Celebrate at home or a place where you can stay until sober.

    Throwing a party? Offer non-alcoholic beverages and plenty of food.

    Never provide alcohol to minors.

    Ask young drivers about their plans.

    Friend or family member about to drive? Take the keys and make alternate arrangements.


Report impaired drivers

If you see an impaired driver, turn off the road away from the vehicle and call 911. Signs of impaired driving include:


    Weaving, swerving, drifting, or straddling the center line

    Driving at a very slow speed

    Braking erratically

    Making wide turns

    Stopping without cause

    Responding slowly to traffic signals

    Driving after dark with headlights off

    Closely missing an object or vehicle

    Turning abruptly or illegally

    Driving on the wrong side of the road


Drivers should also watch for impaired pedestrians who may not be paying attention to their surroundings.

Health officials urge precautions against mosquitoes due to West Nile virus activity

State health officials have confirmed the presence of West Nile virus in mosquitoes in two counties and are urging Hoosiers to take steps to protect themselves from the insects and the diseases they can carry.


As of July 1, mosquitoes in Elkhart and Clark counties have tested positive for West Nile virus. No human cases of West Nile virus disease have been detected so far in 2019; however, the Indiana State Department of Health (ISDH) expects to see increased West Nile activity throughout the state as the season progresses.


“Each year, we see people become ill as a result of mosquito bites,” said State Health Commissioner Kris Box, MD, FACOG. “When we find evidence of the virus in multiple counties, that means the risk is starting to increase statewide. It only takes one bite from an infected mosquito to cause a severe illness, so Hoosiers in every county should be taking precautions.”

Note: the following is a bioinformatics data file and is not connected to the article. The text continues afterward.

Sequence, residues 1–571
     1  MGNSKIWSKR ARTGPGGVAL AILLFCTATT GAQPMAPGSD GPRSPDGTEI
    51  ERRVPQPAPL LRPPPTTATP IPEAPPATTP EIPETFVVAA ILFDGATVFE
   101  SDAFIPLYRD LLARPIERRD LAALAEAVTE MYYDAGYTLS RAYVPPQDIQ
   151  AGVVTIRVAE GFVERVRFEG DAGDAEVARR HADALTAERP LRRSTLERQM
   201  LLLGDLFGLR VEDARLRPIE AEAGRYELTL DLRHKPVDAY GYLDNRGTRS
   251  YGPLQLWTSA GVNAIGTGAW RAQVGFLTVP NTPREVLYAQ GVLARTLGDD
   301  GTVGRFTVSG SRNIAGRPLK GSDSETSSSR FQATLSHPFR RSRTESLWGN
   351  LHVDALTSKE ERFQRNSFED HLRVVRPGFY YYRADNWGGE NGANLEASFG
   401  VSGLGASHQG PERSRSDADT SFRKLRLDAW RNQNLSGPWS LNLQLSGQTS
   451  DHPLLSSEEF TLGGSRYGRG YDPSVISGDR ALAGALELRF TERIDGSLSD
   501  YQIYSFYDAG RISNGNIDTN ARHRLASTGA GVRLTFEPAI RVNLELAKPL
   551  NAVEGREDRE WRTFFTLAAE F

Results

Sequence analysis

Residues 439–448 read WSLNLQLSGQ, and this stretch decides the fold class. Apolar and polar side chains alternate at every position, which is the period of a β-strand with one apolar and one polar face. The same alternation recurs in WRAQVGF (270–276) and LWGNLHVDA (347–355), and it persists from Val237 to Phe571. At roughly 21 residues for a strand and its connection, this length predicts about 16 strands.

Health officials recommend the following preventive measures:

  • Avoid being outdoors when mosquitoes are active (especially late afternoon, dusk to dawn and early morning);
  • Apply an EPA-registered insect repellent containing DEET, picaridin, IR3535, oil of lemon eucalyptus or para-menthane-diol to clothes and exposed skin;
  • Cover exposed skin by wearing a hat, long sleeves and long pants in places where mosquitoes are especially active, such as wooded areas;
  • Install or repair screens on windows and doors to keep mosquitoes out of the home.


Even a container as small as a bottle cap can become a mosquito breeding ground, so residents should take the following steps to eliminate potential breeding grounds:

  • Discard old tires, tin cans, ceramic pots or other containers that can hold water;
  • Repair failed septic systems;
  • Drill holes in the bottom of recycling containers left outdoors;
  • Keep grass cut short and shrubbery trimmed;
  • Clean clogged roof gutters, particularly if leaves tend to plug up the drains;
  • Frequently replace the water in pet bowls;
  • Flush ornamental fountains and birdbaths periodically;
  • Aerate ornamental pools, or stock them with predatory fish.


West Nile virus can cause West Nile fever, a mild form of the illness, which can include fever, headache, body aches, swollen lymph glands or a rash. Some people will develop a more severe form of the disease affecting the nervous system, including inflammation in the brain and spinal cord, muscle paralysis or even death. People who think they may have West Nile virus should see their healthcare provider.


To see the latest results of ISDH’s mosquito surveillance, go to To learn more about West Nile virus, visit


For important health updates, visit or follow the Indiana State Department of Health on Twitter at @StateHealthIN and on Facebook at